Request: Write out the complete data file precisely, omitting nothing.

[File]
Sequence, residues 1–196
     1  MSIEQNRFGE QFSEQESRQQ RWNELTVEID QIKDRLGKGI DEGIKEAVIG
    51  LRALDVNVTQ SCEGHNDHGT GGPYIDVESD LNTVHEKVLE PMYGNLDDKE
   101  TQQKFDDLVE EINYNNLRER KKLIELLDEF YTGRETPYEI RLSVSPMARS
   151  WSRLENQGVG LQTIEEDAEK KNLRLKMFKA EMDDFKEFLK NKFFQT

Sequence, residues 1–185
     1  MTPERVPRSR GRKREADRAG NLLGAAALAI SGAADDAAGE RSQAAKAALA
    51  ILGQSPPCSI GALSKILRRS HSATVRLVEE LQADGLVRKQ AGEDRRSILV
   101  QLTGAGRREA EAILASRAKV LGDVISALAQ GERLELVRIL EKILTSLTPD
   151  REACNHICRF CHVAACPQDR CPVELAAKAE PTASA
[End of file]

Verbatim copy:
Sequence, residues 1–196
     1  MSIEQNRFGE QFSEQESRQQ RWNELTVEID QIKDRLGKGI DEGIKEAVIG
    51  LRALDVNVTQ SCEGHNDHGT GGPYIDVESD LNTVHEKVLE PMYGNLDDKE
   101  TQQKFDDLVE EINYNNLRER KKLIELLDEF YTGRETPYEI RLSVSPMARS
   151  WSRLENQGVG LQTIEEDAEK KNLRLKMFKA EMDDFKEFLK NKFFQT

Sequence, residues 1–185
     1  MTPERVPRSR GRKREADRAG NLLGAAALAI SGAADDAAGE RSQAAKAALA
    51  ILGQSPPCSI GALSKILRRS HSATVRLVEE LQADGLVRKQ AGEDRRSILV
   101  QLTGAGRREA EAILASRAKV LGDVISALAQ GERLELVRIL EKILTSLTPD
   151  REACNHICRF CHVAACPQDR CPVELAAKAE PTASA